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Posted on Nov 6, 2014

Ancient Lake Winery up and running on Beverly Burke

Wine pressing is finishing up at a new $5 million winery and grape-crushing facility on Beverly Burke Road in George.

Ancient Lake Winery last week was hauling in grapes from the nearby Evergreen Vineyard, located only about a mile from the Gorge Amphitheatre, to its new facility that continues to be under construction. Crews there expect to be done crushing early this month, said Jerry Milbrandt, owner of the winery and local Quincy man.

The new facility will process 1,000 tons of grapes yet this year, Milbrandt said.

“Next year, it will be closer to 8,000 tons,” he said.

And, eventually, Milbrandt and his new crew plan to build the facility into one of the largest in the state, processing a potential 3.5 million cases of wine a year.

“It’s exactly where we need to be,” Milbrandt said of his choice to build the facility in George.
Ancient Lake Winery sits on 13 acres of property in the Port of Quincy’s Industrial Park No. 5 near George. An agreement between the port and City of George put a new well on the property, which Milbrandt purchased earlier this year, and the operation was up and running last month.

Chardonnay grapes are unloaded at Ancient Lake Winery.

Chardonnay grapes are unloaded at Ancient Lake Winery.

Curt Morris of the Port of Quincy believes having Ancient Lake Winery as an anchor tenant in the industrial park will spark more development for the small community of George. It is the first industrial development George has seen in a long time, Morris said.

“I do truly believe that activity will breed activity,” he said.

And the port has found a good partner in Milbrandt, a well-known businessman in a growing industry, Morris added.

Already an owner of one of the largest wineries in the state, Milbrandt has a similar facility currently operating on 7 acres in Mattawa. Milbrandt and his brother, Butch Milbrandt, are partners in the Mattawa operation.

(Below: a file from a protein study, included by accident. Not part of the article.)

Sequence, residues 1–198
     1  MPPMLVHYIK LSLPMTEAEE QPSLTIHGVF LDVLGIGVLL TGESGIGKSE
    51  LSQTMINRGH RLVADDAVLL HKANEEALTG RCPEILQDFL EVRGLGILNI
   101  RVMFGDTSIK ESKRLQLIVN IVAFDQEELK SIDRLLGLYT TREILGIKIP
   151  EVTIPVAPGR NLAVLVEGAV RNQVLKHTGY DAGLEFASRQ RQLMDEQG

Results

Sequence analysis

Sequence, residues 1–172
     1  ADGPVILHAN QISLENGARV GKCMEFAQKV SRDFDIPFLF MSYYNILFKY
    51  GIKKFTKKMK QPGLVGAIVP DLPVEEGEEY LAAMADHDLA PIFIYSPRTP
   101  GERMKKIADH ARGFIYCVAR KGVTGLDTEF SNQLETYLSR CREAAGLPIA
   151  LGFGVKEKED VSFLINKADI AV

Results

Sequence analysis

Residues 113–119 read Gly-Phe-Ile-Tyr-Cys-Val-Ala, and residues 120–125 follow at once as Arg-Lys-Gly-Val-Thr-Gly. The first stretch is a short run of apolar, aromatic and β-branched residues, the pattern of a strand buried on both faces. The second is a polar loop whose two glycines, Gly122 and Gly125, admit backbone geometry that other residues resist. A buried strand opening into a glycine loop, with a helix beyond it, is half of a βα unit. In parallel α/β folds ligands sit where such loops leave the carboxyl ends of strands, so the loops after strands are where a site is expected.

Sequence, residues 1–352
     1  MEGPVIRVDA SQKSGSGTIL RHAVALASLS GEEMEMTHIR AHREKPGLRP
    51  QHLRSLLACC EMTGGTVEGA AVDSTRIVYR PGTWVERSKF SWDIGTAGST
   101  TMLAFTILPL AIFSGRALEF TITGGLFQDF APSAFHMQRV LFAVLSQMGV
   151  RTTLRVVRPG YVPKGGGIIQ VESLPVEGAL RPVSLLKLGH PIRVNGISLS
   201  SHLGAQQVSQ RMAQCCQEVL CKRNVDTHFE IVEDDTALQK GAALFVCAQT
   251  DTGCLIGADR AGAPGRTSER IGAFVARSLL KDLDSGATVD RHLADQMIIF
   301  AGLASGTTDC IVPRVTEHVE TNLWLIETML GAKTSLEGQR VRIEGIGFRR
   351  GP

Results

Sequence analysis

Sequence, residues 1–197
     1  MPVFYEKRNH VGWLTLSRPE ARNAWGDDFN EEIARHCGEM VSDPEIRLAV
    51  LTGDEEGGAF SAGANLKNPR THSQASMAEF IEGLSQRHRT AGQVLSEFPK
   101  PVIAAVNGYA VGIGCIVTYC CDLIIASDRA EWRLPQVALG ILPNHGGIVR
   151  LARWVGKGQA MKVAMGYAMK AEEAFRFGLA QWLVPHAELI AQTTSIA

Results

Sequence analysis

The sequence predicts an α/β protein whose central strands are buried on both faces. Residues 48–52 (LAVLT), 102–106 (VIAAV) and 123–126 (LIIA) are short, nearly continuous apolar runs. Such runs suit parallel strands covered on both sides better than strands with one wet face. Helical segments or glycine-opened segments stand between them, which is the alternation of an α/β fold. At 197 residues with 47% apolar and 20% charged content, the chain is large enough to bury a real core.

Milbrandt Vineyards has about 1,375 acres of vineyards, much of it white wine grapes growing in the Quincy and George area that must be delivered to five different outside sites during the annual six-week harvest. With a winery and grape-crushing facility in George, Ancient Lake Winery will have better control of its product, Milbrandt said.

The new facility is loaded with state-of-the-art equipment, including an Italian press that holds 40 tons of grapes at a time.

The high-tech press allows the winery to capture 165 gallons of juice from one ton of grapes, said Milbrandt, who plans to add a second press in the near future.

The new facility will be working with white wine grapes, producing mainly Riesling, Pionot Gris and Chardonnay wines, said winemaker Brandon Rice.It will concentrate on custom jobs for such big players in the state as Chateau Ste. Michelle and Charles Smith Wines.

Easy to spot from Highway 281 are the facility’s 18,000-gallon stainless steel tanks, most of them covered in foam insulation foam. The tanks, which eventually will have catwalks over them, have been going up one by one over the past several weeks. There are more than a dozen tanks there now.

In time, the operation will include about 130 of the 18,000-gallon tanks and about 140 34,000-gallon tanks, which sit on concrete pads. By 2017, Milbrant expects to be producing about 3.5 million gallons of wine and then eventually another 4 million to 5 million gallons, he said.

The winery in Mattawa already is the third largest in the state, producing 13,000 to 14,000 tons of wine a year, Milbrandt said. This new facility will be similar to it, he added.

By 2017, Ancient Lake Winery will employ about 10 people. Milbrandt expects to add more employees with the addition of a bottling line in 2018.

Enologist Nicole Arnold works in her lab at Ancient Lake Winery. Arnold moved to the area recently to work at the winery.

Enologist Nicole Arnold works in her lab at Ancient Lake Winery. Arnold moved to the area recently to work at the winery.

At the new facility now are Rice, enologist Nicole Arnold and cellar master Hector Trujano. he three employees are transplants from the Tri-Cities area. They say the opportunity to help Milbrandt start a new winery from the ground up drew them to the area.

“Where else can you build a winery from the ground up?” Arnold asked. “It’s like our baby.”

“There are people who have been in this industry 20 to 30 years and they never get this opportunity,” Rice added. “I couldn’t have asked for anything more rewarding.”